Insect chemoreception

Curr Opin Neurobiol. 2005 Aug;15(4):423-30. doi: 10.1016/j.conb.2005.06.001.


Insect chemoreception is mediated by a large and diverse superfamily of seven-transmembrane domain receptors. These receptors were first identified in Drosophila, but have since been found in other insects, including mosquitoes and moths. Expression and functional analysis of these receptors have been used to identify receptor ligands and to map receptors to functional classes of neurons. Many receptors detect general odorants or tastants, whereas some detect pheromones. The non-canonical receptor Or83b, which is highly conserved across insect orders, dimerizes with odorant and pheromone receptors and is required for efficient localization of these proteins to dendrites of sensory neurons. These studies provide a foundation for understanding the molecular and cellular basis of olfactory and gustatory coding.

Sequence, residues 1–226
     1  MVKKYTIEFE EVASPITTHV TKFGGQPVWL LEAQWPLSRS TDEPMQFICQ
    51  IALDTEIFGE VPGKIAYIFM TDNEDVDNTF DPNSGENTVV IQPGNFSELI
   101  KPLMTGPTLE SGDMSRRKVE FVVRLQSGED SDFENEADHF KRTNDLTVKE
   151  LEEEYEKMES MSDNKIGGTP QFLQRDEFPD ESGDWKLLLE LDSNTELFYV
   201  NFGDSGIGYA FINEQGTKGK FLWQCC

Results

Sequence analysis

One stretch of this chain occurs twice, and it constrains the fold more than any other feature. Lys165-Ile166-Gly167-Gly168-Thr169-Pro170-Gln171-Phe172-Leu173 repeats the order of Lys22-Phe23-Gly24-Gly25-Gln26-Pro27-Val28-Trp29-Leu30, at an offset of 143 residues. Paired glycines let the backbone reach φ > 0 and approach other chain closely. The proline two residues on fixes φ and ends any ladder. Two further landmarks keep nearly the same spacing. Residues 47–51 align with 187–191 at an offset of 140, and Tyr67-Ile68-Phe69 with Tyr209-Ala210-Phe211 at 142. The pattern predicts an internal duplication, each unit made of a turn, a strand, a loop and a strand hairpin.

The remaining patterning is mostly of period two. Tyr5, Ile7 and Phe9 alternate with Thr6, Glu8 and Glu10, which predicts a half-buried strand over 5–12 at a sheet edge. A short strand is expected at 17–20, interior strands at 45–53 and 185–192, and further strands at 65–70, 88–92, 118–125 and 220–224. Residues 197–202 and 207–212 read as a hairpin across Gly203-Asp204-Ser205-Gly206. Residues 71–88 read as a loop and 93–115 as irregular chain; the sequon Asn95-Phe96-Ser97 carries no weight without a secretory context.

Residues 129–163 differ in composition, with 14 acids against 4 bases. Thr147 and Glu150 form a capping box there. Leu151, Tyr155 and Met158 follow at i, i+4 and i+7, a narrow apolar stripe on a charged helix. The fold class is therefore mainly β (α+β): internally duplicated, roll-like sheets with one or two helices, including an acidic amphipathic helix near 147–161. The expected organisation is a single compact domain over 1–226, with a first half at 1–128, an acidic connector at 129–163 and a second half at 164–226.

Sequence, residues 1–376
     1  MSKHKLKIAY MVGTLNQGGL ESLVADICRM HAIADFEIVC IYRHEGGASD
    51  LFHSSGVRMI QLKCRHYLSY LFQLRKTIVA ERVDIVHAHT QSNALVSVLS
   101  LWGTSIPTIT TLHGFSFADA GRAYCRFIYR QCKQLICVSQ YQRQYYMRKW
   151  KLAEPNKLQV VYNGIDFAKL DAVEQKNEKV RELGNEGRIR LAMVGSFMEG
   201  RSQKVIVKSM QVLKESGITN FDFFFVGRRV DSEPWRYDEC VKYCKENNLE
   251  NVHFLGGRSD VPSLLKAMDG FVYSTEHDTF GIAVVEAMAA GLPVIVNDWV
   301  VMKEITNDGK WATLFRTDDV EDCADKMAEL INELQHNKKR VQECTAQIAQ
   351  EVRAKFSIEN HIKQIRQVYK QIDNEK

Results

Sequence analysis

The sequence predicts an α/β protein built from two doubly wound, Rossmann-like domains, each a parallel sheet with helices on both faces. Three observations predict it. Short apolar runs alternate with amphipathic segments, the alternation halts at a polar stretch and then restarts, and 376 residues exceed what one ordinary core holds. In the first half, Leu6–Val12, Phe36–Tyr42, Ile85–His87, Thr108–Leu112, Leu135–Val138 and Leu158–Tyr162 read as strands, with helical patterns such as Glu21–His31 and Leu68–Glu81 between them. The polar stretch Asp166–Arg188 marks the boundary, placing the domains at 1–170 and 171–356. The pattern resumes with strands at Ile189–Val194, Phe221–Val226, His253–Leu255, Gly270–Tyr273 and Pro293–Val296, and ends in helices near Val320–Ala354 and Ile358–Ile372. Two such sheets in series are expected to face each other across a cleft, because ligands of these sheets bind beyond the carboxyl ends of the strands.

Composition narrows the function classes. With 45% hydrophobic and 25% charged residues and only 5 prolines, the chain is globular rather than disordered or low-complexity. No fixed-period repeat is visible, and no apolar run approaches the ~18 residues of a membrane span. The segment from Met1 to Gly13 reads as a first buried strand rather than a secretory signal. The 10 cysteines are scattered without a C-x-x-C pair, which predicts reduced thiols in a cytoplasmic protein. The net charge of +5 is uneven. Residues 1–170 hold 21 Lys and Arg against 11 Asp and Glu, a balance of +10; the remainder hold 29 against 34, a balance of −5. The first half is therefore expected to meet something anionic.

Publication types

  • Research Support, N.I.H., Extramural
  • Research Support, Non-U.S. Gov't
  • Research Support, U.S. Gov't, P.H.S.
  • Review

MeSH terms

  • Animals
  • Chemoreceptor Cells / chemistry
  • Chemoreceptor Cells / physiology*
  • Humans
  • Receptors, Odorant / chemistry
  • Receptors, Odorant / physiology*
  • Smell / physiology*
  • Taste / physiology*


  • Receptors, Odorant